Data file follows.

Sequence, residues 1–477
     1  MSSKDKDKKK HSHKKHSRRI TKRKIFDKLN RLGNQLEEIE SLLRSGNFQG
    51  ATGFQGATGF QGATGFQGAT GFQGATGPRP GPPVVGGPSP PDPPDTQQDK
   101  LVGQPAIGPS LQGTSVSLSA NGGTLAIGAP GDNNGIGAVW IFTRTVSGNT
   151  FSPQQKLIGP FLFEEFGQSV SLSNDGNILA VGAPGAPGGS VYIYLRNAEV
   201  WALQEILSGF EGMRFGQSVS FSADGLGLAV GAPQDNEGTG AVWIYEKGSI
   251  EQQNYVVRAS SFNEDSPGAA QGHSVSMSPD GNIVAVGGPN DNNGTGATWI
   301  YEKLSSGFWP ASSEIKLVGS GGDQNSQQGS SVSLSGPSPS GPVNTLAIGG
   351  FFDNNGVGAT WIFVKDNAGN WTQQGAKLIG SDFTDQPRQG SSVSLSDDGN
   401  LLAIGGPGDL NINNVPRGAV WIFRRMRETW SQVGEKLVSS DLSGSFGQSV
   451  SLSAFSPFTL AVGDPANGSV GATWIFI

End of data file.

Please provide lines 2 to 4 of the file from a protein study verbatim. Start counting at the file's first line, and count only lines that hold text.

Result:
     1  MSSKDKDKKK HSHKKHSRRI TKRKIFDKLN RLGNQLEEIE SLLRSGNFQG
    51  ATGFQGATGF QGATGFQGAT GFQGATGPRP GPPVVGGPSP PDPPDTQQDK
   101  LVGQPAIGPS LQGTSVSLSA NGGTLAIGAP GDNNGIGAVW IFTRTVSGNT